Author: Marie Simas
Genre: Memoir, Non Fiction
Year Published: 2010
Source: I was sent this book for review.
Do Tampons Take Your Virginity? A Catholic Girl's Memoir by Marie Simas is a bittersweet account of her childhood and teenage years by the author.
When I first started reading this book, I thought that it was going to be a lighthearted account about growing up in a Portuguese Catholic family. I thought that it might be harsh on the Catholic Church. But it isn't really so much about the Church, but rather about the fears and hypocrisies about some people living under Church doctrine, and old world Portuguese values.
Her father was incredibly cheap in many ways -- Marie almost never got new clothes -- but always seemed to have the money to spend on family trips back to "the old country" -- Portugal. Not being Catholic or Portuguese, I found the book to be very illuminating on how these values affected her family dynamics.
Simas grew up in a brutally violent home. Her father was abusive. The father continually rapes the mother -- even while she's dying of cancer. Because Marie simply doesn't accept her father's brutality towards herself or her mother, he beats her with a belt on a regular basis. As Simas says:
At school, some of the guidance counselors suspected abuse. But my father worked for the school district, so none of them felt comfortable confronting him. They had to work with this asshole every day, and the teacher's union was powerful back then. It's doubtful that my father would have been reprimanded unless he was actually convicted of child abuse, and that was never going to happen.
What I like about Marie is that while she couldn't escape the beatings, she refused to meekly accept it. She was always rebellious. She became so desperate for love, however, that despite both parents warning her about sex, when she is fifteen she loses her virginity to the first boy who pays any attention to her. She misinterprets his physical affection as real love and believes that he will take her away from her "miserable family." When he goes away and a few days later she realizes that she probably won't hear from him again. Simas touchingly recalls:
That night, I fell asleep as soon as it got dark outside. The sun set on my adolescence. Though I had experienced severe beatings, threats, and almost constant fear, nothing could compare to the pain I felt from lost love.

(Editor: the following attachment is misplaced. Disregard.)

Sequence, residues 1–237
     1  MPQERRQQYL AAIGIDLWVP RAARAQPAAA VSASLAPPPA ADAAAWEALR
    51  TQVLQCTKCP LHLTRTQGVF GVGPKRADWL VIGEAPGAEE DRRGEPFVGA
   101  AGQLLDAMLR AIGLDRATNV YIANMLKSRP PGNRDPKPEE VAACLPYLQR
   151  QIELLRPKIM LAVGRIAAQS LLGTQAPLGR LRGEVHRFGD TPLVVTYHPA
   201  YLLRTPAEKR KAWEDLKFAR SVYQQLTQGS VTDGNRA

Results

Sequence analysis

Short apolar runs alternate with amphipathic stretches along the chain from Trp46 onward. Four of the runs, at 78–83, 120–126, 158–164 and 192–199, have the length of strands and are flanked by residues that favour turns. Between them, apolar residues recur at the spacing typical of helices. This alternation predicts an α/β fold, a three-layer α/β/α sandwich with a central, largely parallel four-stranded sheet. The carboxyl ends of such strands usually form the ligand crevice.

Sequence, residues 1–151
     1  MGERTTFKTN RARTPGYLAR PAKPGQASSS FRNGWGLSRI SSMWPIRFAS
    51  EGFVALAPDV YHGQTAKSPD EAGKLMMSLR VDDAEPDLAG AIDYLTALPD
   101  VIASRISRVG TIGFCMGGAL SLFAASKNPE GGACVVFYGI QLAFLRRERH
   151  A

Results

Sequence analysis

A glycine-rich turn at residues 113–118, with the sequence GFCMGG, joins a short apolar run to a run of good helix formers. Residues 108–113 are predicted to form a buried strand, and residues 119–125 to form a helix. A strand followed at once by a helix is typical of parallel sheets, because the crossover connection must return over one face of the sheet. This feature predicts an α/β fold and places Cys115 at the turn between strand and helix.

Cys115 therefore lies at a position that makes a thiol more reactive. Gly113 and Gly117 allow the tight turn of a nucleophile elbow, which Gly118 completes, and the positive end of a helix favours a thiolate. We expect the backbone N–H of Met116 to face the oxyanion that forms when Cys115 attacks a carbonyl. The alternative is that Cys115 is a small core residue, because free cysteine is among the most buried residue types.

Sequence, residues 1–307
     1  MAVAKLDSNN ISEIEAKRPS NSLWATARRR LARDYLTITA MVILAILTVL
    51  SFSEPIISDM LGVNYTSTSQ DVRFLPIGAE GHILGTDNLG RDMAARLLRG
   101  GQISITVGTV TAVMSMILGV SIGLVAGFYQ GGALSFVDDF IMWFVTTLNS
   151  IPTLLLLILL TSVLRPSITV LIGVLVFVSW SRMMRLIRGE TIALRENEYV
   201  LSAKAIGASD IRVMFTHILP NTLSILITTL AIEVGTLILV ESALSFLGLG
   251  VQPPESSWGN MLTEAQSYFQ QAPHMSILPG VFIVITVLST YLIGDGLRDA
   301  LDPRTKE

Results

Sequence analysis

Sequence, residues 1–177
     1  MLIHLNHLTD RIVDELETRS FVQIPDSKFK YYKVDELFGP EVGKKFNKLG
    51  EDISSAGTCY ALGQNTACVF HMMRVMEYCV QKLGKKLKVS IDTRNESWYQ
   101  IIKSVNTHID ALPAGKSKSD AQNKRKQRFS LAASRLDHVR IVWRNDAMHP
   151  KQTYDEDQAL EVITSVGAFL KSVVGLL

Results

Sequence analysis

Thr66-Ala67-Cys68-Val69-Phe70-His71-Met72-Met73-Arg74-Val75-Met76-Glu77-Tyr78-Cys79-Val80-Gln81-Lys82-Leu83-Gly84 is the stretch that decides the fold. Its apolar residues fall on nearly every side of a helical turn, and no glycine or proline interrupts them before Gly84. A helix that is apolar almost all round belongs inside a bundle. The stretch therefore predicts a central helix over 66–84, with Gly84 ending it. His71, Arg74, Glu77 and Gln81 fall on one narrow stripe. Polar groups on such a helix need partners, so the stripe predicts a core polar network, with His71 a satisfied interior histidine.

The father's abuse and her first lover's rejection affected Marie's future relationships with men profoundly. She becomes a "user" of men -- something that she is not proud of today. She wanted to hurt men as they had hurt her -- even nice men who actually cared for her. While Marie harshly judges those around her, she is equally hard on herself. She is being honest.
Things I don't like? Well, I don't really like the title -- it might make some people curious but might turn some potential readers off. The book is divided into short chapters that make the narrative seem a bit choppy instead of flowing into each other as a cohesive whole.
I may not agree with everything the author says, but I definitely understand where she is coming from. I have a feeling that this book was a catharsis for the author; a way of exorcising her demons -- her anger and despair. She also has a mordant sense of humor that probably saved her life. You may find yourself crying one minute and laughing the next.This book is brutally honest. Be prepared. There is marital rape, brutal child abuse, and strong sexuality. You can read her blog here, and her professional website by clicking here.
It's a blog hop!
Jennifer at Crazy for Books has a weekend blog hop every week!
A. I love to read all types of books because my taste in books is truly eclectic, but I especially love memoirs and biographies. I love finding out how other people lived their lives and how they confronted the challenges that they faced.